In a fiercely competitive global market, demand fluctuations pose ongoing supply chain risks. Shifts in demand can lead to bigger issues like inventory understock, overstock, and supplier capacity risks. So, how can companies navigate ever-shifting demand?
Many companies turn to sophisticated tools and algorithms. However, consumer demand is volatile, and statistical forecasting models have fundamental limitations. While it takes more time, the key to navigating shifting demand requires a bigger investment. The true indicator of agility and demand responsiveness lies in the actual design of your supply chain.
Thus, the question is: how do companies organize operations to respond to unanticipated fluctuations in demand? In this post, we check out four ways your organization can develop a more flexible, agile, and demand-responsive supply chain.
1. Utilize Range Forecasting
Forecasting for a single demand figure can be unwieldy and inaccurate. That’s why resilient organizations project several potential outcomes to prepare for changing market conditions and increase supply chain flexibility. This process is also known as range forecasting.
Range forecasting can be used to inform supply contracting terms and contingency plans. By establishing a range of uncertain (yet potential) outcomes, a company gets a better idea of how to respond when demand is at either the high or low end of the range. With a fleshed-out range forecast, companies can be confident that they will sell at least the low end of the range while being prepared to sell at the high end of the forecast range.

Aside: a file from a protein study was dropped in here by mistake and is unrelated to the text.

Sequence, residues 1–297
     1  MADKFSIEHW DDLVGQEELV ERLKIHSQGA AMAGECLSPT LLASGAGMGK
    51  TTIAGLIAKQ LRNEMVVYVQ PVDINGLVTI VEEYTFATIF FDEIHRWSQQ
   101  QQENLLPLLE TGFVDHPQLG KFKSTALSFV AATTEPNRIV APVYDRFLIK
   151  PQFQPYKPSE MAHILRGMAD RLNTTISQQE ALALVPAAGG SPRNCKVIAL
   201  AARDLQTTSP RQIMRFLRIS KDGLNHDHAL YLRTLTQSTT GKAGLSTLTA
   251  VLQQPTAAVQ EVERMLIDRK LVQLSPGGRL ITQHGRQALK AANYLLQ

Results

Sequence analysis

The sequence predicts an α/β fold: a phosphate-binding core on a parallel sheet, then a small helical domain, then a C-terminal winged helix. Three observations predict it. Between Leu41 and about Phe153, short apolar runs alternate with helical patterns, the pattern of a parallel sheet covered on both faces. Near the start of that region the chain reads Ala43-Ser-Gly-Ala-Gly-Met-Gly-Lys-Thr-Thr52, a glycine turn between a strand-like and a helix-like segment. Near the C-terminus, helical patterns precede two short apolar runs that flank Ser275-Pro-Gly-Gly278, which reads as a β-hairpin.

Range forecasting is also useful for more than just modeling future demand volume. A company can develop a range forecast for future supply volumes and prices for its variety of products as well.
Example of Range Forecasting in Supply Chain
Suppose Company X compiles all the possible outcomes for a new product, then assigns probabilities to each possible outcome with more than a 15% likelihood of occurring. Company X can then develop contingency plans according to these outcomes. By utilizing range forecasting as such, Company X’s planning effectively covers nearly 80% of the possible outcomes, thereby increasing its flexibility and resilience!
2. Establish Flexible Supplier Contracts
Companies can use range forecasts to establish flexible contracts with suppliers and manufacturers. In addition to aiding process integration, flexible contracts spell out the range of acceptable supplier performance and grant a company the flexibility to ramp production up or down as demand fluctuates. Flexible contracting allows companies to specify to their suppliers how long it should take for the supplier to ramp up production to meet demand.
Example of Flexible Supplier Contracts in Supply Chain
For example, a company can embed flexibility in its contract by specifying that its suppliers should be able to ramp up production by 50 percent within two weeks and by 100 percent within a month’s notice. Contracts with this level of specificity encourage the supplier to think in terms of multiple demand scenarios.
Learn more about why supplier collaboration is a win-win strategy in this blog.
3. Implement Strategic Multi-Sourcing
Multi-sourcing is a strategy where an enterprise chooses to procure a component or material from multiple, unique suppliers. Conversely, single-source procurement (with only one supplier) is prone to added revenue risks, increased bottlenecks, and diminished flexibility in responding to demand fluctuations. Unlike single-source scenarios, companies that use multi-sourcing can spread demand across numerous suppliers that collectively have higher capacity.